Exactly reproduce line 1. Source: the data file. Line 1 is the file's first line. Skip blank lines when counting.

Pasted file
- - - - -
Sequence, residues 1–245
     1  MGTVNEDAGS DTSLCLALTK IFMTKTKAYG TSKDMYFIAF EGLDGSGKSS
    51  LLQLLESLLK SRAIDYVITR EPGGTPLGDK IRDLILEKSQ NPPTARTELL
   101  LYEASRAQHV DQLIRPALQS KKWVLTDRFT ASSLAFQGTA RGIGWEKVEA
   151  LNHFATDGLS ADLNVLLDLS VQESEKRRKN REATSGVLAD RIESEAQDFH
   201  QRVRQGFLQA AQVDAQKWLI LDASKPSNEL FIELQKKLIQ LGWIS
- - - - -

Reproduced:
Sequence, residues 1–245